When Alberta Avenue’s beekeeper, Amelia Altmiks, describes her role as “basically a bee landlord,” you may want to rethink an initial reaction of landlords being stung by bad tenants. Out of millions of tenants, she has only been stung four times in six years, whereas many landlords learn a bad human tenant’s sting is far more painful to their bottom line.
As their landlord, Altmiks “helps bees do what they need to do and stay in the hive.” At the end of the season, she minimizes their space so they have less honey to guard, as wasps will invade the hive to eat the bees and the efforts of their hard work. In the middle of summer, which is the growing and pollen season, the population of the hive grows and they need more space for their honey.
Beekeeping in Alberta is “quite a bit of work due to shorter pollen seasons of pollen flow in northern Canada. We only have four or five months.” Altmiks inspects the hives once a week in peak season, about an hour per box, as things change fast, and once every 10-12 days during spring and fall. “I check to make sure there are no disease or pest issues.”
Over winter, Altmiks prepares for spring by building and sanding extra boxes, as well as dusting off snow when she visits the hives. “We will try to get them in the new greenhouse [in the community garden] if it is ready in time.”
Climate change is a major challenge for their health. “The drastic changes from freezing temps of -30 C to unseasonably warm thaws above zero can be difficult for the bees.” Altmiks then uses emergency blankets and fuzzy insulation in the top boxes. “Honeybees are not native to North America. As climate and weather fluctuations continue, we will have to do different things like bring them indoors.”
Bees stay alive throughout winter, although the queen produces fewer eggs. The cycles of birth and death mean the hive’s autumn occupants are different from the ones emerging in the spring. Altmiks also monitors two-way airflow. “Last year, the smoke and really hot temperatures meant the plants produced less pollen.” Smoke from forest fires can mean the bees are going into winter more stressed than if the summer had been smoke-free.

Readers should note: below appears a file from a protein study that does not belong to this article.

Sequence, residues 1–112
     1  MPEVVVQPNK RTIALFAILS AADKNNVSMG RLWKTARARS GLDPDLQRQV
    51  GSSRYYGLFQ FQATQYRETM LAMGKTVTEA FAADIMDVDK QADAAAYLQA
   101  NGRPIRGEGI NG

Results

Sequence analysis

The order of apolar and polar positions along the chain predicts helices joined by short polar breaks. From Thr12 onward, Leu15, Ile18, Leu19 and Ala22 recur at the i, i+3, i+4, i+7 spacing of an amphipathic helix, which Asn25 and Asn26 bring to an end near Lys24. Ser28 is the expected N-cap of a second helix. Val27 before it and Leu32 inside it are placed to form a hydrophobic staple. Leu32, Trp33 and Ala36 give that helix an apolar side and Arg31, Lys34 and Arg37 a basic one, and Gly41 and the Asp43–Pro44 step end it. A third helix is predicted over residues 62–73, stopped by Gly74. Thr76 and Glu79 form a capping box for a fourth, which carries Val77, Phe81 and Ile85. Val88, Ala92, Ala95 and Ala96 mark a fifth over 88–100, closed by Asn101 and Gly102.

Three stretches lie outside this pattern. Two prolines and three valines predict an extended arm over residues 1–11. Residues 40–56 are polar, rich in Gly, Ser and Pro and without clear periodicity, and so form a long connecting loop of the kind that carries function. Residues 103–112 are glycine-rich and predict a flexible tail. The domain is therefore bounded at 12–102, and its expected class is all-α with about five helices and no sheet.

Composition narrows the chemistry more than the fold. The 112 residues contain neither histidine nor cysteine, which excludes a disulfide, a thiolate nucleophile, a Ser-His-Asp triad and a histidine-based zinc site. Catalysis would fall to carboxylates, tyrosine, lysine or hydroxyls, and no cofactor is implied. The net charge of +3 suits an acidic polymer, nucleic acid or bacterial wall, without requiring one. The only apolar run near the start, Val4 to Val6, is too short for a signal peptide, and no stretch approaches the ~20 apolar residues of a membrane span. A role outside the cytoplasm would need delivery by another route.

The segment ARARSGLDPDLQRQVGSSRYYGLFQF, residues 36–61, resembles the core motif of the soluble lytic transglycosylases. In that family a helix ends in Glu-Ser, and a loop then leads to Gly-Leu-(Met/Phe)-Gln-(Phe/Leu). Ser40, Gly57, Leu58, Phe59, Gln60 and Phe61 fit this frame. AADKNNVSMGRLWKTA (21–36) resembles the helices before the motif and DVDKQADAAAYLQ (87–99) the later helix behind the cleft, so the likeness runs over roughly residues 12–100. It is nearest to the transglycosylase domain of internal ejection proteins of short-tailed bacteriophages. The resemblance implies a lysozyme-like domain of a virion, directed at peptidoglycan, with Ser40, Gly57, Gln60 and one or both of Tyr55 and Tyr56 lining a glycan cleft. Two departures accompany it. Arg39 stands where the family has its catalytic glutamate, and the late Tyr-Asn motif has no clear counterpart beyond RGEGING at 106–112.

Beekeepers occasionally need to use smoke to keep bees in the hive, and with smoke pollution, bees don’t want to leave although they still need food. Altmiks adds, “I smoke them all the time to move them around during hive inspections. This prevents me from squishing a bunch of bees when I place the bee boxes back together. They will move out of the way when I smoke them. This has nothing to do with smoke pollution.”
When bees aren’t doing well, Altmiks feeds them sugar water, “which is like fast food to them. They will eat it only if they need it.” Now that you know more about The Secret Life of Bees (Altmiks’ favourite movie about the miraculous wee creatures), readers might consider joining her league of bee heroes by planting plenty of early and continuously blooming plants, and late fall blooming species like squash to extend the pollen supply throughout Alberta’s short season. In order to set up a hive in the city, you must have urban beekeeping certification. Backyard hives began when the City of Edmonton approved backyard hens and the bee pilot in 2015 through an urban agriculture initiative.
Passionate about her role, the health of the bees under her care is primary for Altmiks. “We started the community’s hive in 2020. This is the first year we harvested.” She assessed their health status before taking honey.
League board members sold the harvested honey at the recent 100th anniversary celebration. They even offered honey whiskey samples and saved some for future pub nights. Not to worry, though. If you become a beekeeper, your tenants will pay you back in honey and never throw wild parties. Just watch out for the marauding wasps that can destroy the neighbourhood.